- promoting fat loss
- protecting against cancer
- reducing the risk of heart disease
How Much Green Tea Can You Drink Daily?
Three to five cups of green tea daily is considered as optimal to gain most of its health benefits. Some experts even recommend that drinking more green tea can significantly improve health. Even moderate amounts of consumption (drinking 1–2 cups of tea per day) may have benefits (1).
Consuming larger doses might be problematic for certain people; however green tea’s benefits largely outweigh its risks. The consumption of large amounts can lead to liver intoxication (hepatotoxic reactions), especially in children (2).
What Can Be Done with Tea Waste?
Unfortunately, the tea that was dumped in the Boston Harbor couldn’t be recovered, but there can be various profitable uses of wasted tea. According to the report from the International Tea Committee, the total consumption of tea in the world has reached above 5.8 million tons in 2019. Along with the consumption, wastes also increase. Tea wastes are rich in lignin and holocellulose, which are abundant in carboxyl, hydroxyl, phenolic hydroxyl, and oxyl groups, as well as oxygen-/ heteroatoms-containing groups. These can be useful for many applications (3).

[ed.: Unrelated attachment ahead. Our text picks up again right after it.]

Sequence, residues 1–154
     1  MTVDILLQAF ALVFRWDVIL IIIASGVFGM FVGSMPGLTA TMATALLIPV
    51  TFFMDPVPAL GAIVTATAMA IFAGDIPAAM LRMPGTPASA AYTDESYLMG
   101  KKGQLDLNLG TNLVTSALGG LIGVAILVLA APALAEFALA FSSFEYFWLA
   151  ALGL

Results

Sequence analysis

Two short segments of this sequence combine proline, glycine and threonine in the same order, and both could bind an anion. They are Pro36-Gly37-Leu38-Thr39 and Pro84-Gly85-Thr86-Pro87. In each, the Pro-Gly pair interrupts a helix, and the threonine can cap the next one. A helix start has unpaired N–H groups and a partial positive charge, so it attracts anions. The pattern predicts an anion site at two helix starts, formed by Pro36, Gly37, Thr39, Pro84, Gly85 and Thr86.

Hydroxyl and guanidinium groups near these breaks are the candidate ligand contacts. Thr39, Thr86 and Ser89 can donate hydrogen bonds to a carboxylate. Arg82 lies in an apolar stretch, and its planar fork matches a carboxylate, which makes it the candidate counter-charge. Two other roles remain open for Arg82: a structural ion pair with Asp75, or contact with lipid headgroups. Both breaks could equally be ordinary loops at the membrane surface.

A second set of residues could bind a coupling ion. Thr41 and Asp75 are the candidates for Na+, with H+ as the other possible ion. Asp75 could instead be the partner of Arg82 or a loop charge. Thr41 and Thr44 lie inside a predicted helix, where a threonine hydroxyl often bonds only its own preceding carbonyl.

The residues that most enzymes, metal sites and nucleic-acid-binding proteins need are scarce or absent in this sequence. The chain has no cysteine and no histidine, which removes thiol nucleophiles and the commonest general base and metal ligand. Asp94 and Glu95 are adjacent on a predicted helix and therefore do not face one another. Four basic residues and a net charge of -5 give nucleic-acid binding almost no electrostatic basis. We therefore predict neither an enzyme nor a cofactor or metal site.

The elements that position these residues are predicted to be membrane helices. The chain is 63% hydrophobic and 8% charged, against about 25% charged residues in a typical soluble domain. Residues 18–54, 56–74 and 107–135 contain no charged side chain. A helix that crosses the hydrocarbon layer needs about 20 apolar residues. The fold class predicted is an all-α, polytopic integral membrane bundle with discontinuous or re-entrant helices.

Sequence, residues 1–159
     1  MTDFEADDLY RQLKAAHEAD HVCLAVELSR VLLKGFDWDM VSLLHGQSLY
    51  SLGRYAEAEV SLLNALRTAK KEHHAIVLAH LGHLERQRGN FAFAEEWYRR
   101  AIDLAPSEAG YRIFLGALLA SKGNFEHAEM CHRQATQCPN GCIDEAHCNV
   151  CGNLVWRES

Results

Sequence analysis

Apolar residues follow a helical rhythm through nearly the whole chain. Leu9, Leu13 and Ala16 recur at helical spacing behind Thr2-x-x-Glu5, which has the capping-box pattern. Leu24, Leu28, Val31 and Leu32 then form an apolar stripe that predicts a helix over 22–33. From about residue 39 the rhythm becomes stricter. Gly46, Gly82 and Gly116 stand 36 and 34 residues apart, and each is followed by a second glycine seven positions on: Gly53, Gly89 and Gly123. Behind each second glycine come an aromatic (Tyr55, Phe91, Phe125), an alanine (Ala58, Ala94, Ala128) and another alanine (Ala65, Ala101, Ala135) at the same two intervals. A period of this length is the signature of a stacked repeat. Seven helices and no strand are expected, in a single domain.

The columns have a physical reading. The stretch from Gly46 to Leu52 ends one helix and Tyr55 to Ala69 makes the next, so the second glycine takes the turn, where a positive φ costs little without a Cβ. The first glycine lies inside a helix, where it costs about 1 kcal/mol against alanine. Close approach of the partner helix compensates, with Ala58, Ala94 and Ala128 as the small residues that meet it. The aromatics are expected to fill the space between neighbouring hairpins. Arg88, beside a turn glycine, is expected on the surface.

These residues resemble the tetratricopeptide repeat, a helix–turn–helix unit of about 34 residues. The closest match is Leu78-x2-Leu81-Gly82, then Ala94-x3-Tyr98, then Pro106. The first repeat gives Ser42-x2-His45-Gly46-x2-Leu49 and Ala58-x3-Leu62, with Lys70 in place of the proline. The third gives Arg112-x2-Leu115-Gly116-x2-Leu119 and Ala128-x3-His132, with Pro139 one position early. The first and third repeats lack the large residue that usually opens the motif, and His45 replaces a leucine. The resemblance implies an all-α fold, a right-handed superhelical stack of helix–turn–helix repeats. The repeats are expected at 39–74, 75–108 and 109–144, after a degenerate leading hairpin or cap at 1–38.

- Tea waste can be made into high-protein cattle feed after extracting tannic acid from it which inhibits protein metabolization. Also, its high-fiber content makes it quite suitable for ruminants.
- Caffeine present in tea waste is also used as pig and poultry feed.
- Tea waste also serves as a raw product for manufacturing various supplements, such as fertilizers, since it is packed with potassium, nitrogen, and phosphorus.
- Combined with clay, tea waste develops adsorptive membranes which facilitate the removal of factory effluents from water bodies.
- Tea waste powder also serves as an efficient dye adsorbent, which are main ingredients in printing, textiles, cosmetics, and paper manufacturing.
- Via pyrolysis (thermal decomposition in the absence of oxygen), the tea waste is decomposed at 500 to 700 ℃ through gasification to produce biomass fuel, bio-oil, and bio-char. Mixed with biomass, the biochar can also be converted into briquettes.
- High levels of cellulose, starch, sugar, and pectin in tea waste makes it a possible replacement for timber for firewood and fuel for ovens. Moreover, the waste can also produce battery-power electric charges through vermicomposting.
In this brief article, we answered the question of how much the tea was worth at the Boston tea party, what actually happened with the tea, and how wasted tea can be used profitably.
If you have any more questions or comments please let us know.
- Reygaert, Wanda C. An update on the health benefits of green tea. Beverages, 2017, 3, 6.
- D’Agostino, Daniel, María L. Cavalieri, and María S. Arcucci. Severe hepatitis caused by green tea intoxication in a child. Case report. Arch Arg Pediat, 2019, 117, e655-e658.
- Guo, Shasha, et al. Current understanding in conversion and application of tea waste biomass: A review. Biores Technol, 2021, 338, 125530